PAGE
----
“Our playing small does not serve the world. There is nothing enlightened about shrinking so that other people will not feel insecure around you.”
My friend Lola asked me if I wanted to come to a dinner, a swanky kind of dinner. There would be speakers and food. Never the kind of person to look a gift horse in the mouth or pass up a free glass of wine, I said yes! Yes, of course!
Her only condition was that I helped cover the event.
Like men deciding on women’s rights in government, I said “Sure, I’ll write something on Women in Engineering.”
That’s how I found myself on a table next to BE(Hons) girls who are brighter and more brilliant than I ever will be with my dowdy LLB/BA. Women, who are making waves, in STEM. I ate coconut chicken curry next to a rocket ship coder, gorged myself on chocolate pudding next to two bio-medical engineering students, and spilt chardonnay on myself while an electrical engineering student laughed at me. Yeah, I know how to make friends.
The OGGB was stripped of its weird corporate glass: fairy lights and purple lanterns strung aloft, neon WEN signs pulsating in the back, photobooths crammed full and vintage WEN t-shirts from yonks back declaring their female energy. The energy was eager, hopeful and empowering.
“It’s important to bring your full self to work and study.”
Rosalind Archer was the crowd favourite. She was the beloved Head of Department. The electrical engineering student turned around to me; according to her, “you’d never try anything” in her class. No sexist comments. Archer took us on a tour of the history of women in engineering at UOA, revealing a mannequin shrouded in loose pants, a plaid shirt – 25 years ago, when there were only 2 female professors in the entire university. A time where female engineers had to fit under the stereotype of a male engineer to be seen as more acceptable. Archer’s witty comments warmed the room, as she pulled out a pair of steel caps and thumped it on the floor, reminding us to go out to solve problems. Next, was a scuffed pair of cycling shoes to show the importance of grit. She then dangled a pair of ballet shoes to emphasise the creativity in problem solving and wellbeing. Finally, to the delight of everyone, she showed us her very own tall red boots, straight from a more disco-shiny era, to remind us to celebrate difference. Whether that was as a mother, or as part of the rainbow community, we must bring it all to our work and study.
“I’m going to beat the stereotype, I’m going to be a structural engineer.”
Hiba Al-Tiay, a project manager at Downer, shared her own personal journey of leadership as a female. She’d grown up in a family of engineers, so her love of solving problems began young. She walked us through her first day on the job, of sitting in an office full of men in Hi-Vis vests and wondering how she was going to fit in. In this space, everything from the trucks to the machines had feminine connotations, showing the sexist language of construction work. Al-Tiay taught us that true strength can be admitting “I don’t know” on the first day, even though all the workers and machinery may be halted at a standstill, waiting on her command. Her mentor took her under his wing, and patiently explained how to read tests for 20 mins. Al-Tiay shared her growth in becoming a leader, of not being afraid to ask questions and in learning the skills of motivating a team. Changes have occurred in the workplace; she was “never ever made to feel like [she] needed to justify [her] position in [their] company because of [her] gender.” She believes in the day female engineers are the norm, not the exception.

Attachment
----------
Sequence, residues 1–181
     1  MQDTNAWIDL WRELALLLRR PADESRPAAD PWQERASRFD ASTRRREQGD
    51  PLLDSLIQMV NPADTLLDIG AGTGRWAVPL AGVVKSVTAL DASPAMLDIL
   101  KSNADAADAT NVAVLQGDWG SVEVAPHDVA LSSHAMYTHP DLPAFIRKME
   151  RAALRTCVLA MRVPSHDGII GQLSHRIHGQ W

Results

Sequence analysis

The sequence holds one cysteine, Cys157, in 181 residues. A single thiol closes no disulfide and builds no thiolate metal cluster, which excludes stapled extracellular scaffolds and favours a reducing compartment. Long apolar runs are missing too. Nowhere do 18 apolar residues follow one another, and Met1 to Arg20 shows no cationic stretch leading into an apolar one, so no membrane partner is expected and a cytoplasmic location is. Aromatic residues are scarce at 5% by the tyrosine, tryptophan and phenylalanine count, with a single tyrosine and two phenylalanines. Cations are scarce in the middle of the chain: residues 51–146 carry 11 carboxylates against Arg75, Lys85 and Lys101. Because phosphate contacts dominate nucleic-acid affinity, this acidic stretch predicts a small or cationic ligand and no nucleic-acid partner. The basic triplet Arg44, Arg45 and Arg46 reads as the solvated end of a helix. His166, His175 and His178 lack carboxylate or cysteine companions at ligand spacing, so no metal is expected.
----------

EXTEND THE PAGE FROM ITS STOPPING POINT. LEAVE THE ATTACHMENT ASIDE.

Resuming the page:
Her quoting of Marianne Williamson spoke to the room:
Our playing small does not serve the world. There is nothing enlightened about shrinking so that other people will not feel insecure around you.
The last speaker of the Night, Jennifer Murphy, knew she had found herself in a tough spot. Right before dessert was to be served. She told us she’d kept it short because she was eager for dessert too. But her insightful wisdom was never sacrificed. She gave the room career advice on networking, passion and staying true to yourself. She reflected that she used to be the only female on site, but that was all changing.
This optimistic theme carried across all the speakers. Talking to the girls at my table, it was interesting to note that depending on their specialisations, they felt variation in the way women were treated. Bio-medical engineering has a higher female to male ratio, although I was told by an electrical engineering student that she had never been taught by a female lecturer in her specialisation. The importance of mentorship and seeing successful women as teachers and in the workplace should never be undermined. WEN is a tight-knit and supportive organisation that provides the opportunities for progressive discussions in challenging gender stereotypes. It also works to improve female representation in STEM.
What does WEN DO?
There are about 25 WEN leaders involved in organising events aimed at developing and celebrating female engineers and providing links with the industry. WEN provides support to female engineering students from first year through to post-grad, aiming to encourage more females into engineering.
Why is WEN necessary?
We are still lacking in both the number of female students studying engineering and the number of female engineers progressing to leadership positions in the industry. WEN aims to improve these statistics by promoting STEM subjects, building confidence and skills, and linking WEN students with more experienced mentors.